Oilers fans pack the square during the Edmonton Oilers’ Orange Crush community rally in Sir Winston Churchill Square in Edmonton on Thursday, April 20, 2017. Hockey fans in Canadian cities with NHL teams have a reputation for expressing their exhuberance in the streets during the playoffs, and some admit the temptation to ignore physical-distancing guidlines may prove too great as the pandemic-postponed season resumes next month. THE CANADIAN PRESS/Codie McLachlan

Oilers fans pack the square during the Edmonton Oilers’ Orange Crush community rally in Sir Winston Churchill Square in Edmonton on Thursday, April 20, 2017. Hockey fans in Canadian cities with NHL teams have a reputation for expressing their exhuberance in the streets during the playoffs, and some admit the temptation to ignore physical-distancing guidlines may prove too great as the pandemic-postponed season resumes next month. THE CANADIAN PRESS/Codie McLachlan

As postponed NHL season resumes, some fans say the lure of parties will be strong

The players themselves aren’t to have any contact with the general public

As hockey fans gear up for a truncated season to begin next month, some in Canada’s two “hub cities” say the temptation to celebrate — and flout physical distancing guidelines — may prove too great.

“I can’t say no to a good time,” said Edmonton Oilers fan Jeet Jermana. “I’d be hard-pressed not to jump into a big party.”

On Friday, the NHL board of governors and NHL Players’ Association said they had ratified the return-to-play plan, paving the way for the league to resume its pandemic-hit season later this summer.

Toronto and Edmonton were also officially unveiled as hub cities where all games will be played, beginning Aug. 1. Training camps start Monday in the 24 cities with teams still in the running for the Stanley Cup, including six in Canada.

In 2017, when the Oilers nearly advanced to the Western Conference final, Jermana was among the thousands of fans who partied in Ford Hall at Rogers Place arena and in bars along the popular Whyte Avenue district.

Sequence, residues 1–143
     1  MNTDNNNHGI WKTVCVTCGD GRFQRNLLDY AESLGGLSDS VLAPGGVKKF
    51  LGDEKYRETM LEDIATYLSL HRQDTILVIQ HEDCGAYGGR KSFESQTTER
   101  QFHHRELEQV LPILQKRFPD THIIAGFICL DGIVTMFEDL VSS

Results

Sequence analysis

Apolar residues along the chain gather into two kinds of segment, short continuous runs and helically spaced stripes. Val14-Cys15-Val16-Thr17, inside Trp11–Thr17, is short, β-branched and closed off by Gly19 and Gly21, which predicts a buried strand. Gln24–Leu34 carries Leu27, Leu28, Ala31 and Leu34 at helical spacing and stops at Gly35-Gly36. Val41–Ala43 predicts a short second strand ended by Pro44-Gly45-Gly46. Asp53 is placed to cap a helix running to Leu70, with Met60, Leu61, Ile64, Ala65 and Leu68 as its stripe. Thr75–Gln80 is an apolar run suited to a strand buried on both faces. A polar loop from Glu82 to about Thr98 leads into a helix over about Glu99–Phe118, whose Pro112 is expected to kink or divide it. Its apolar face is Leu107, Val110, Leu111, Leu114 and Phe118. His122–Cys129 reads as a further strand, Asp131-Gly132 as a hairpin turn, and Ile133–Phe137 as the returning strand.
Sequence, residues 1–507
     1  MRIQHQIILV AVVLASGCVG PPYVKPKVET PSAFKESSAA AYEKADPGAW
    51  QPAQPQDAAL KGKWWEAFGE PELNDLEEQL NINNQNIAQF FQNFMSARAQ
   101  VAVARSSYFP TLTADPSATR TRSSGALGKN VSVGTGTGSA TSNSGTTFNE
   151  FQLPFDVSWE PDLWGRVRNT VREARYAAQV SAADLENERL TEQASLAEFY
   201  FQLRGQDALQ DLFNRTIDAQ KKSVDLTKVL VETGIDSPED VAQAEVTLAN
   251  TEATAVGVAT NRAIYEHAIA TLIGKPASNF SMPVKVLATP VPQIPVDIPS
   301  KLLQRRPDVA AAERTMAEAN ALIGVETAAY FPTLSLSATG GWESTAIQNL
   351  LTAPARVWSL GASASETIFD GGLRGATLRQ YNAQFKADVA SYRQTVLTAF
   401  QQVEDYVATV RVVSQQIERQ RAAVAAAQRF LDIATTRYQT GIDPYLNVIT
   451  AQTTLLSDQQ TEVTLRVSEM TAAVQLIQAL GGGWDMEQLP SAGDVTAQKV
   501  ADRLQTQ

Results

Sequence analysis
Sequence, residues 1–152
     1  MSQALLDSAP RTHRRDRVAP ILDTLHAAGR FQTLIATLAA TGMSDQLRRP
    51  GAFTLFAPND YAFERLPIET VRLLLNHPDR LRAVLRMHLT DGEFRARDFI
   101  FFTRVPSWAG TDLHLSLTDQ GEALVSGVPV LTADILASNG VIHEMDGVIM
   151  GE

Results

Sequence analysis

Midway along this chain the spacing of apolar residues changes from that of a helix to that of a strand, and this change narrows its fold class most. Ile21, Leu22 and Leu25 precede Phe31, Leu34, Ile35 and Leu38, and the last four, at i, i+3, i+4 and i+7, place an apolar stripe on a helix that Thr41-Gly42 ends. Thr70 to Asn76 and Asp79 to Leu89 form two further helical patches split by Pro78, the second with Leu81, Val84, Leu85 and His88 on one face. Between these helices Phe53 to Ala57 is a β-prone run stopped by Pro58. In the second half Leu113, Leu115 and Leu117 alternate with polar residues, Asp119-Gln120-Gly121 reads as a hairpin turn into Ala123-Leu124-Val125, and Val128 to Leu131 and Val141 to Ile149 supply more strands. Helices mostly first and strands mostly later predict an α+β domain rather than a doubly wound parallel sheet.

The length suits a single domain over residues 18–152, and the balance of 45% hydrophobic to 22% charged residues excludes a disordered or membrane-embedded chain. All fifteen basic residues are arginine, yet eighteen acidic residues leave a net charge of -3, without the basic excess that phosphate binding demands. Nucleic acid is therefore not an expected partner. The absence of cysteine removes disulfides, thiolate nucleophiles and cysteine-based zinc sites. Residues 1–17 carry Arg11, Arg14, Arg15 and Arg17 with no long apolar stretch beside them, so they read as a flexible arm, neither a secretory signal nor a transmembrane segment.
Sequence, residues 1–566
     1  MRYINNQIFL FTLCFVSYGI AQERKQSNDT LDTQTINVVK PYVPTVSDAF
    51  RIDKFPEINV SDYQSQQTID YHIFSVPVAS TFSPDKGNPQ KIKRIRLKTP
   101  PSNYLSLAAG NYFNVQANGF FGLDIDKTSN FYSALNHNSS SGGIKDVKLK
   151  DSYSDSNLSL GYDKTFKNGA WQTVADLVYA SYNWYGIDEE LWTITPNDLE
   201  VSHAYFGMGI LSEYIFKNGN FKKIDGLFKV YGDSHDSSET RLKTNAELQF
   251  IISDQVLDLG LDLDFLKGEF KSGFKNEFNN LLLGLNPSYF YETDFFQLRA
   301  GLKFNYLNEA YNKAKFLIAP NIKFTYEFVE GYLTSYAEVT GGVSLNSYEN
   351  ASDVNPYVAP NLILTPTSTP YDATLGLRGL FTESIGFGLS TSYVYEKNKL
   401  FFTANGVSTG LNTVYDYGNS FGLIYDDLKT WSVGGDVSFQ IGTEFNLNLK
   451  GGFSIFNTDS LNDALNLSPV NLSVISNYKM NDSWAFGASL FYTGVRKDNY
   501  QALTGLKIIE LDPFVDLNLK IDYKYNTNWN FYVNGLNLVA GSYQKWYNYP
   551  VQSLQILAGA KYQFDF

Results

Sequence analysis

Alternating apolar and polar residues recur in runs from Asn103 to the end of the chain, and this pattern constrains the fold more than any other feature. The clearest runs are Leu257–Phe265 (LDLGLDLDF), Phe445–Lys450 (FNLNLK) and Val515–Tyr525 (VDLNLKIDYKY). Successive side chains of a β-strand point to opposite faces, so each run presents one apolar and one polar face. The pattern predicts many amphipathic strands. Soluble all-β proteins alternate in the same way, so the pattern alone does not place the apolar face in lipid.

But with COVID-19 this year, where teams will play in empty arenas, Jermana said he’ll likely watch more games at home, maybe with just a few friends.

That is, he said, until the Oilers advance and he and other fans won’t be able to resist going out.

“Once it becomes the ‘real playoffs’ I think more and more the momentum will grab,” he said.

Matt Black of Hotel X Toronto, located west of the city centre where multiple media outlets have reported that several teams will be based, said the prospect of any accommodation for celebratory fan gatherings, even outdoors, seems unlikely.

Nevertheless, Black said he expects citywide excitement will be palpable, even with empty arenas.

“You look back to those scenes of Jurassic Park and Maple Leaf Square and all of that … it would be great for people to be able to get together again but you just need to make sure that you’re doing it in a safe manner,” said Black.

The players themselves aren’t to have any contact with the general public.

READ MORE: NHL, players take collaborative approach in bid to resume

Dr. Vinita Dubey, Toronto’s associate medical health officer, said in an emailed statement that players and staff arriving from abroad will also have to serve a modified 14-day quarantine as well as undergo rigorous screening and daily testing protocols, wear masks in indoor settings, physically distance and wash hands often.

An Edmonton police spokesperson said the service wouldn’t be able to comment over the weekend on what sorts of preparations they might make for crowds when the season resumes.

Geoff Grimble with the City of Edmonton said the city’s civic events management team would likely discuss the issue during a scheduled meeting on Monday.

“The City of Edmonton’s first priority is public safety and we’ll continue to follow the advice and requirements of the Chief Medical Officer of Health to ensure fans, players, coaches and staff remain healthy,” Grimble said.